10 Surprising Facts About Bagels Even True Connoisseurs Can Appreciate
It's no secret that bagels are delicious, but did you know that unlike other types of bread, bagels are boiled before they're baked? Have you heard that bagels didn't really become mainstream in the United States until the 1970s? Do you know that bagels get a day to call their own? Mark this holi-est day on your calendar—it's Feb. 9.
We're just getting warmed up, though. Here are 10 more interesting bite-sized bits of bagel history for all the true connoisseurs of this delightful breakfast staple. OK, really any time of day—if we're being honest here. A bagel is always a good idea.
Bagels have been to space.
It's safe to say that the treats from Fairmount Bagels in Montreal are out of this world. In 2008, Astronaut Greg Chamitoff boarded Discovery for a 14-day flight into space. Accompanying him? Eighteen bagels from Fairmount, a shop owned by his aunt.
Montreal is actually famous for bagels.
Philadelphia has its cheesesteaks. Italy has its pasta. As for Montreal? It's got bagels, baby! What sets Montreal's bagels apart from others is that they are poached in honey water before baking in a wood-fire burning oven. The result is a chewy, golden bagel that folks in Montreal boast about. We'll let you decide if they're better than their famed New York counterparts, though.
The biggest bagel on record was 868 pounds.
Talk about carb-heavy! In August 2004, Bruegger's Bagels produced a gigantic 868-pound bagel and displayed it at the New York State Fair, according to the Guinness Book of World Records. The larger-than-life creation required 11,00 pounds of dough, 900 gallons of water, and took 10 hours to bake. It holds the record for the biggest bagel to date.
Bagels go way back.
The birth of the bagel is debated, largely because bagel-shaped bread has been around for centuries in various cultures. One legend provides the bagel was invented in 1683 as a stirrup-shaped tribute to Polish king Jan Sobieski after he defended Vienna from Turkish conquest. But, Maria Balinska, the author of The Bagel: The Surprising History of a Modest Bread, points out that bagels look a lot like obwarzanek, a Polish bread that dates back to the late 1300s. Bagels became mainstream in the United States in the '70s, though they had been sold in niche Jewish markets for several decades prior.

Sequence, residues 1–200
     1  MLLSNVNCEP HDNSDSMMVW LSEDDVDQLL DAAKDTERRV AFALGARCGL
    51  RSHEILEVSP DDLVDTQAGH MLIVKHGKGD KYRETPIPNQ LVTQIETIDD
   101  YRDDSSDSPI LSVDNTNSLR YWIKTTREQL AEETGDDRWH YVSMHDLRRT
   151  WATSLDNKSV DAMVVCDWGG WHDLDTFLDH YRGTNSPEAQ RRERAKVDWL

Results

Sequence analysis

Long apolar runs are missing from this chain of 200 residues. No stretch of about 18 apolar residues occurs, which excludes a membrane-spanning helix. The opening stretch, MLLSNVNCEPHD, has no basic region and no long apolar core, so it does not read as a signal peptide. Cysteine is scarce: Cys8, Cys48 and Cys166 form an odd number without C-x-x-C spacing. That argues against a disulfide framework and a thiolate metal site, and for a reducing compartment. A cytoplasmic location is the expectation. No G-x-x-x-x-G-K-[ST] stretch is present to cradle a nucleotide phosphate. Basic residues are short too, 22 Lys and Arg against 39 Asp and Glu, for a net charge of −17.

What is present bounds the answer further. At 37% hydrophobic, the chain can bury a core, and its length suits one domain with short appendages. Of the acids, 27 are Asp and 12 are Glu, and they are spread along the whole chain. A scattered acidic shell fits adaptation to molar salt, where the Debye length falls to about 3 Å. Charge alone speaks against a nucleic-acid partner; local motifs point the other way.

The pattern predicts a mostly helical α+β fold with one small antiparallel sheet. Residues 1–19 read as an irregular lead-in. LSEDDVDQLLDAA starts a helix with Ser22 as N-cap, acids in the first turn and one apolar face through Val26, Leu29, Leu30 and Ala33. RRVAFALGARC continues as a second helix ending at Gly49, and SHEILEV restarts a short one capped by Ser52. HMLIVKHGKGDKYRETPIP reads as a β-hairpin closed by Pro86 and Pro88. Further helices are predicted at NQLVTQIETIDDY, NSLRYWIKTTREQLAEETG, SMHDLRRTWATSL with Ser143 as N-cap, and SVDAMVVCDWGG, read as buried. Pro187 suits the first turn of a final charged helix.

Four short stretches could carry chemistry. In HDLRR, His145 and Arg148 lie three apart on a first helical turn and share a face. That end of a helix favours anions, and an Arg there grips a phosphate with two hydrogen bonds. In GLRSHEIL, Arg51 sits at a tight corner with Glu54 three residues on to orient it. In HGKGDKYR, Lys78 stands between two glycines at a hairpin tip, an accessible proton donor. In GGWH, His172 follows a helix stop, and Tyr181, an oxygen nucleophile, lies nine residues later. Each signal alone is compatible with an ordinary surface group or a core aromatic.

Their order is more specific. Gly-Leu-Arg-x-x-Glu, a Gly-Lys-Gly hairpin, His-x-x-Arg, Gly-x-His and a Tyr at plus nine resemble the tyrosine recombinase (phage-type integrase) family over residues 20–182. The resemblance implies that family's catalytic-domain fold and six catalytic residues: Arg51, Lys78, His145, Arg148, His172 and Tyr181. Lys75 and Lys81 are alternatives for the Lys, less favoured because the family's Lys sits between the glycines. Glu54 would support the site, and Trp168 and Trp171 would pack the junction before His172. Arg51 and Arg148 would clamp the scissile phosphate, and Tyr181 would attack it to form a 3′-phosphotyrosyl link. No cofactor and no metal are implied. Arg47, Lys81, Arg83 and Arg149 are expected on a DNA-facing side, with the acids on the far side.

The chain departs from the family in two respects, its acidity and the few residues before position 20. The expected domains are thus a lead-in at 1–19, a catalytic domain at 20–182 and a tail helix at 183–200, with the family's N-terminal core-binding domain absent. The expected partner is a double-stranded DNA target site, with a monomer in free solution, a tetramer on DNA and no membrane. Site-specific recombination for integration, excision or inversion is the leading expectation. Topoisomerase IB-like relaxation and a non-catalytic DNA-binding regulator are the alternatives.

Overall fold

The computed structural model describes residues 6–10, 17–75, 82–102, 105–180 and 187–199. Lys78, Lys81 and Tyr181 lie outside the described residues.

Bagels have holes for a reason.
Why do bagels have holes in them? Because they're grown-up Cheerios. Kidding! Rather, the holes make bagels bake faster, according to a Q&A Balinska did with The New York Times. The holes also made bagels stackable on a dowel, or wooden pole, which made it easier for street vendors to sell them.
The "everything" bagel was possibly invented by a 15-year-old.
Nailing down who invented certain foods can be a tricky task, but a New Yorker named Dave Gussin—who worked in a bagel shop in Howard Beach—told The New Yorker he actually invented the "everything bagel" back in 1980 at age 15. Gussin claimed he was sweeping seeds out of the oven and got the idea to combine them on a bagel. The shop then sold the "everything bagel" for an extra nickel. But, since the article came out, the claim has been contested, with another former bagel bakery worker declaring he made "everything" bagels in 1977. So basically, everyone seems to want credit for creating the "everything bagel."
There have been caffeinated bagels for an extra morning jolt.
Hold the coffee this time. In 2017, Einstein Bros Bagels launched an espresso-infused bagel that was packed with 32 milligrams of caffeine and 13 grams of protein.
Bagel-making was once a group effort.
Bagel-makers in the early 1900s worked in teams of four. Two people would make the dough, giving bagels their shape; one person boiled them, and the fourth person baked them.
Apple had to redo its bagel emoji.
In honor of National Bagel Day, in early 2018 Thomas Bagels released an emoji keyboard. Forty breakfast-centric emojis were on it, including an avocado-topped bagel. Later that year, Apple finally released the bagel emoji on its own platform—but not without controversy. After people complained that the plain bagel had nothing on it, it got redesigned with cream cheese during the iOS 12.1 beta 4 cycle release. People have strong opinions about bagels, don't they?
Bagels have a close cousin: the bialy.
Haven't heard of a bialy? If you want to switch things up one morning, try ordering one of these doughy delights. Instead of a hole in the middle, a bialy has an indent in its dough that's usually filled with cooked onions (and sometimes topped with poppy seeds). Also unlike a bagel, a bialy is baked (never boiled like the bagel dough is first).
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